Briefing 45: Households would be better off in a more equal economy

Reducing the share of total UK income going to the richest 1% to Dutch or Danish levels & sharing the difference across the rest of the population would be worth an extra £2,500 a year to every household

The richest 1% in the UK have more than double the share of the richest 1% in Holland or Denmark.

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Explaining the data

All figures for the share of the richest 1 per cent, plus the UK’s estimated total income, are taken from the World Top Incomes Database via http://topincomes.parisschoolofeconomics.eu.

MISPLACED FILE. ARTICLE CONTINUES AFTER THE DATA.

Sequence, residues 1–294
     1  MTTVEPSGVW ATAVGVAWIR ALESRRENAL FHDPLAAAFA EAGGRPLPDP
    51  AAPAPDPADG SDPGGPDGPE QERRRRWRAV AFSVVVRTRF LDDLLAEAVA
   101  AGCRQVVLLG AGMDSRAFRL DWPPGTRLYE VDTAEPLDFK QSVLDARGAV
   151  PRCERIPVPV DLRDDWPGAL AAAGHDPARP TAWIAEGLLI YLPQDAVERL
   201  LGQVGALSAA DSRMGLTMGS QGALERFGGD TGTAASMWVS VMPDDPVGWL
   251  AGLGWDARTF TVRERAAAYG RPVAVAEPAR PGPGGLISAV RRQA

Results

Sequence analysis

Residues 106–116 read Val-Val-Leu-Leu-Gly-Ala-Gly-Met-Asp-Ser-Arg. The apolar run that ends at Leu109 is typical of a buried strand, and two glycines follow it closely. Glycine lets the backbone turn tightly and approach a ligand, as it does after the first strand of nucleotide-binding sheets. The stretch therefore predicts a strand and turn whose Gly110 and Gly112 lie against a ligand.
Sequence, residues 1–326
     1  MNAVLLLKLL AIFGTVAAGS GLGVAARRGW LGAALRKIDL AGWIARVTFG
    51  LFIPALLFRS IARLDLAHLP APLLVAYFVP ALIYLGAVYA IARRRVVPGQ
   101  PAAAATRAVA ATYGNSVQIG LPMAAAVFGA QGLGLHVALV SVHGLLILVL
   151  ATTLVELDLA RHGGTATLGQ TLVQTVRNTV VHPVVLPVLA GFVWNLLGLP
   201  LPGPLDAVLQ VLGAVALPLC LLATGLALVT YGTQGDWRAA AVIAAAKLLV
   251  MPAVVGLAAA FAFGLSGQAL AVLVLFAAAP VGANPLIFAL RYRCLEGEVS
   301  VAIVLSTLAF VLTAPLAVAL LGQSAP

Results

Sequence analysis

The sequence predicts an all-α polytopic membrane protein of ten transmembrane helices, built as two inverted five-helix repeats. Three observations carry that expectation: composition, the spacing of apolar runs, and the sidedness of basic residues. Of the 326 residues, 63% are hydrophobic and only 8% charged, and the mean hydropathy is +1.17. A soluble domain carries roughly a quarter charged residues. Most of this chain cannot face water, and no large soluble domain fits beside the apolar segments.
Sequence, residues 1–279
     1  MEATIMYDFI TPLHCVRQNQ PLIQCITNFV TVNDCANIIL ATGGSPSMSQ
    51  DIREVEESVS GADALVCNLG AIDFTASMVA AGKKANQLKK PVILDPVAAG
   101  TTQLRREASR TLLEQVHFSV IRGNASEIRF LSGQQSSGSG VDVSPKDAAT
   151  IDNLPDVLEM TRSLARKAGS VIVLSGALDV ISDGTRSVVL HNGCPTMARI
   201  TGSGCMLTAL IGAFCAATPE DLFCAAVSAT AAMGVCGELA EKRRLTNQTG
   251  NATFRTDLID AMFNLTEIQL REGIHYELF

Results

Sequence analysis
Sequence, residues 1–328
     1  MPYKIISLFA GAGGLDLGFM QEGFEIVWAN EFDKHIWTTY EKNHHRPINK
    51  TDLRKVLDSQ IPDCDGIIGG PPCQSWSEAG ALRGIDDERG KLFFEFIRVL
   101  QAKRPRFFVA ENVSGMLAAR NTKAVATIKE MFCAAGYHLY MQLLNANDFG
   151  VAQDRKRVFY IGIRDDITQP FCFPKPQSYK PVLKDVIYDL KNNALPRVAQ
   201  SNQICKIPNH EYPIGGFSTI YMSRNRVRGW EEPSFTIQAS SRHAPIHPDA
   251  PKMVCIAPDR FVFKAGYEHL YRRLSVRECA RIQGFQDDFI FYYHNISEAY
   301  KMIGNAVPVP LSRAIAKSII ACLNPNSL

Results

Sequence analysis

Of course, if measures were introduced to reduce the share of income going to the richest 1% in the UK, then the £1 trillion total income might also change. But the fact that the share of incomes going to the richest people is much smaller in other modern, prosperous societies like Denmark and the Netherlands  suggests that inequality is not a necessary price of economic success. In fact, research from the International Monetary Fund suggests that inequality hinders economic growth (you can read their paper at http://www.imf.org/external/pubs/ft/sdn/2014/sdn1402.pdf). The benefits of reducing the share of UK incomes going to the top 1% maybe worth even more than £2,500 per household.

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